Renewable Fuel Standards To Be Amended

April 23, 2010

Grandfathered plants will be allowed six more months to submit engineering reviews, but critical “baseline” production volume and other certified data still required by July 1, 2010

In a little-noticed one-liner in EPA’s Preamble to the Renewable Fuel Standard (RFS2) regulations (75 Fed. Reg. 14669 at 14709 (March 26, 2010)), EPA stated it would allow “grandfathered” renewable fuel facilities an additional six months beyond the July 1, 2010 facility registration deadline to submit third-party “engineering reviews” verifying the detailed information required in the registration. But nothing in the rule itself stated this.

To remedy this, on April 15, 2010, EPA posted a response to FAQs on its renewable fuels webpage stating, “EPA intends to propose changes in a direct final rule in the near future to amend the regulations to allow grandfathered facilities an additional six months from the July 1, 2010 deadline to submit their engineering review.”

Grandfathered facilities, which do not have to meet EPA’s established criteria for lifecycle greenhouse gas emissions, include almost all facilities that “commenced construction” before Dec. 18, 2007, and almost all ethanol plants that “commenced construction” before Dec. 31, 2009. Therefore, this extension is important to many renewable fuel producers.

The RFS2 requires submission of a third-party independent “engineering review” to confirm that the information reported to EPA during the registration process regarding fuel type and processes utilized are true and accurate. The review must include a site visit and a review of all relevant documents. EPA agreed to extend the deadline for the submission of “engineering reviews” in recognition of the fact that independent engineering expertise may be in short supply, given the six-month interval between the issuance of the final rule and the due date for registrations.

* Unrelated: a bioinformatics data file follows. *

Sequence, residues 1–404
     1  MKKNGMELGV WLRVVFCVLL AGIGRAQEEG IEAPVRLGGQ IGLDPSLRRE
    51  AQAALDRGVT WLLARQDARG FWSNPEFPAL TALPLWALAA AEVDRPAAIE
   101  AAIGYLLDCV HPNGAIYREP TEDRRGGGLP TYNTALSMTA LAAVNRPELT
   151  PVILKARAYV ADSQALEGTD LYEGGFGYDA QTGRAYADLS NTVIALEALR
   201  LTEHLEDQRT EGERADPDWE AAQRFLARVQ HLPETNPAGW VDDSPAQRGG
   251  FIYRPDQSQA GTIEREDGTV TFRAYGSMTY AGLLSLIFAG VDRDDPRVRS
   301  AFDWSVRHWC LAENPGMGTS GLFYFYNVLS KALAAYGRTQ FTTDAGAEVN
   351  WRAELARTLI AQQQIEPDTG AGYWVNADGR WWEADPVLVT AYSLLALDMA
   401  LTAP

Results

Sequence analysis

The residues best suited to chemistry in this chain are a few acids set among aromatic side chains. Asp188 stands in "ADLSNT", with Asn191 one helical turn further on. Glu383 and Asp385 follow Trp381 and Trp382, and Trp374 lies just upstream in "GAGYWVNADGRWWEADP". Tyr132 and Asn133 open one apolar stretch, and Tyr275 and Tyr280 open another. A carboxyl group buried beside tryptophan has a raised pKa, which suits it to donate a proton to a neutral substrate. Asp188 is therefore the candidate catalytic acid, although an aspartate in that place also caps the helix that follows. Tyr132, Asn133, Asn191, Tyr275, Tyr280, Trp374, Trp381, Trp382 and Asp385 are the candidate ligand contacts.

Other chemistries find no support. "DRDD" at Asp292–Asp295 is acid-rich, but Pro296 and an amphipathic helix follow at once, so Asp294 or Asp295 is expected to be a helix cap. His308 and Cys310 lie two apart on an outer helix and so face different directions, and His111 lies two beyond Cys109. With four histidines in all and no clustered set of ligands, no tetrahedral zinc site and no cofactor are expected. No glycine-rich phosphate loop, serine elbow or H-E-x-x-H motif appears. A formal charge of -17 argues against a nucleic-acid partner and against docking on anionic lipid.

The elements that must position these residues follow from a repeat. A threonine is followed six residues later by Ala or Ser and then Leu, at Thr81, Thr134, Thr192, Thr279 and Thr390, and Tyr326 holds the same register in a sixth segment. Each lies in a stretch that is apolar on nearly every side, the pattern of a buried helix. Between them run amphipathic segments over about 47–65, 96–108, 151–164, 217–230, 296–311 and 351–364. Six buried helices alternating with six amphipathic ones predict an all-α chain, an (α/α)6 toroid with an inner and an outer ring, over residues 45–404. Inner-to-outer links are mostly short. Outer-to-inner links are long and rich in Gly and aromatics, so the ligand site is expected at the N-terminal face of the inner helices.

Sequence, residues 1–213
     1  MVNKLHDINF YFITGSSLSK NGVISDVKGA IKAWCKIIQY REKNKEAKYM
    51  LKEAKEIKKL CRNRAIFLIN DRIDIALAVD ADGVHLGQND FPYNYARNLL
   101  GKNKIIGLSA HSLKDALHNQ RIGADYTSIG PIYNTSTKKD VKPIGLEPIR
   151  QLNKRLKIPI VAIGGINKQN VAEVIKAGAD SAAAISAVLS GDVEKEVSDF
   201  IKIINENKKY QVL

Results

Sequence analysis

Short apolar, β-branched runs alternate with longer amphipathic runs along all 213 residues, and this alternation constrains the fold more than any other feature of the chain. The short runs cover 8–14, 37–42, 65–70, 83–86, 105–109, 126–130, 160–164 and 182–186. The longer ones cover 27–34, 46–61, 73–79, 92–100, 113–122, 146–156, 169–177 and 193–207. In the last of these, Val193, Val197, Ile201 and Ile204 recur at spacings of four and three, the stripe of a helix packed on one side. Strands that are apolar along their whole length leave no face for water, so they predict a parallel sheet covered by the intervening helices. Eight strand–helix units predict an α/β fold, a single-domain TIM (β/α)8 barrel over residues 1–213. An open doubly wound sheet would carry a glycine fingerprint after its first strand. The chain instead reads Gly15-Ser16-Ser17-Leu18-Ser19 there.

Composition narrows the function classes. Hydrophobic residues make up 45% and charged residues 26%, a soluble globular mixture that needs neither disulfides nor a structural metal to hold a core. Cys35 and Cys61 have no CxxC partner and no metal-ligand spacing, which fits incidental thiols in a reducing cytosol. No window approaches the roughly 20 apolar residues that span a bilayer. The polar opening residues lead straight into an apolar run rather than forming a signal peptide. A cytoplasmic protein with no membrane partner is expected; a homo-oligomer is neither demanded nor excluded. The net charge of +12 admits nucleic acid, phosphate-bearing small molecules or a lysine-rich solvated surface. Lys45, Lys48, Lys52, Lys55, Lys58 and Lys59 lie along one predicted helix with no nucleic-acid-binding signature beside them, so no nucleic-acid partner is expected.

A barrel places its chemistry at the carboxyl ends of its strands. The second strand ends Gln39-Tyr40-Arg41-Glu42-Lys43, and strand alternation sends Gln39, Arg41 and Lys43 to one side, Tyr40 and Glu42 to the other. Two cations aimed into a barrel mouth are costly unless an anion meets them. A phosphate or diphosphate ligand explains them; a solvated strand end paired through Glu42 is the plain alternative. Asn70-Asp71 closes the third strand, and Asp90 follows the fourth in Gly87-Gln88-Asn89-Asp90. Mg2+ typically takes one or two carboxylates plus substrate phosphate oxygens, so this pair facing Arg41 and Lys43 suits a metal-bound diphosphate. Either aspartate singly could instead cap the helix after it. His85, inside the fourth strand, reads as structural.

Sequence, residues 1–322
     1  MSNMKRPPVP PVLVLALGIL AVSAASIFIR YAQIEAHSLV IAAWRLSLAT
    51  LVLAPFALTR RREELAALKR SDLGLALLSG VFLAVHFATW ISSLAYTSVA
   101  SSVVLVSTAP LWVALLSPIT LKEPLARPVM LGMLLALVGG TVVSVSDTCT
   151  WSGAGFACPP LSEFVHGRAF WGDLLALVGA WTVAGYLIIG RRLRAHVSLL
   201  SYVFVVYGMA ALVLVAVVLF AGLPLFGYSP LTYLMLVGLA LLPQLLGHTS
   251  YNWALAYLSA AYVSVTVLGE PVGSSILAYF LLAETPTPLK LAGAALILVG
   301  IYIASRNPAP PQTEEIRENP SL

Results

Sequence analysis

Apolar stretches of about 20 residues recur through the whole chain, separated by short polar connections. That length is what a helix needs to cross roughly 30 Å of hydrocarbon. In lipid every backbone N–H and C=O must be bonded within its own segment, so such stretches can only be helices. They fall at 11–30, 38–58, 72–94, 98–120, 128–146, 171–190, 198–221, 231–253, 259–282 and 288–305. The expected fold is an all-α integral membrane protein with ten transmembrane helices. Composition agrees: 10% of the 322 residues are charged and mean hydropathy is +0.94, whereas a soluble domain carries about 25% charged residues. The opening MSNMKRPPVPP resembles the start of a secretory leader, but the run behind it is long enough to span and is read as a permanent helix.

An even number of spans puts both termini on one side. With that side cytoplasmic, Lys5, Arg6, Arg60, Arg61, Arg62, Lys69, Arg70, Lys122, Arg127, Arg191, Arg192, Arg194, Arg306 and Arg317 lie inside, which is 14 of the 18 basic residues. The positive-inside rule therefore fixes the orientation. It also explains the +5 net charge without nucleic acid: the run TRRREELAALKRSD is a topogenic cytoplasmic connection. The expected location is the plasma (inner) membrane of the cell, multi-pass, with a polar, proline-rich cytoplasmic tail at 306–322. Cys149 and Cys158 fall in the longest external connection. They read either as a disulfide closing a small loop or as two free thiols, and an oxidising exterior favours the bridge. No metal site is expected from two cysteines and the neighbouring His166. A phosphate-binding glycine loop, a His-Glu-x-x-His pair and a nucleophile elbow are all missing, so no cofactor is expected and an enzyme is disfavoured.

While this extension may be good news to some, grandfathered renewable fuels producers should be aware that all of the other very detailed information required to accompany the registration must be submitted by July 1, 2010, or 60 days prior to generating RINS, whichever comes later. Furthermore, a “responsible corporate officer” must sign and certify the truth and accuracy of the registration information at the time it is submitted, and will run the risk that a subsequently submitted third-party “engineering review” will not confirm the information submitted. As demonstrated by the hundreds of questions that have been posed to EPA on-line, many new and ambiguous terms in the regulations create the possibility of inconsistent interpretation of registration requirements.

Among the required information which is still due July 1, 2010, grandfathered facilities must specify their “baseline volume” of renewable fuel production. The baseline volume stated in the July 1, 2010, registration is very important because it will define the volume of renewable fuel that is eligible for grandfathered status. Any fuel produced in excess of this baseline will not be eligible for grandfathered status in the future. See 40 C.F.R. 80.1403(c), (d), and (e).

For dry mill ethanol plants, such “excess” fuel will have to be demonstrated to have been produced at a facility that either: 1) uses at least two specified advanced technologies; 2) uses one of the specified advanced technologies, plus drying no more than 65% of the distillers grain solubles (DGS) it markets; or 3) dries no more than 50% of the DGS marketed. Most grandfathered ethanol facilities will not meet these requirements.

Note that the baseline volume is not necessarily determined by the name plate capacity , but rather is established by conditions limiting production in a facility’s air pollution control permit or, if that is not available, by the facility’s peak annual production over the prior five years. Given the importance of the accuracy of this baseline volume determination to future RINS eligibility, grandfathered facility owners are well-advised to carefully analyze the controlling conditions in their air permits and the language of the regulations to ensure that their baseline volume is not understated.

For more information on the RFS2 regulations or questions regarding the imminent registration process requirements, please contac the author.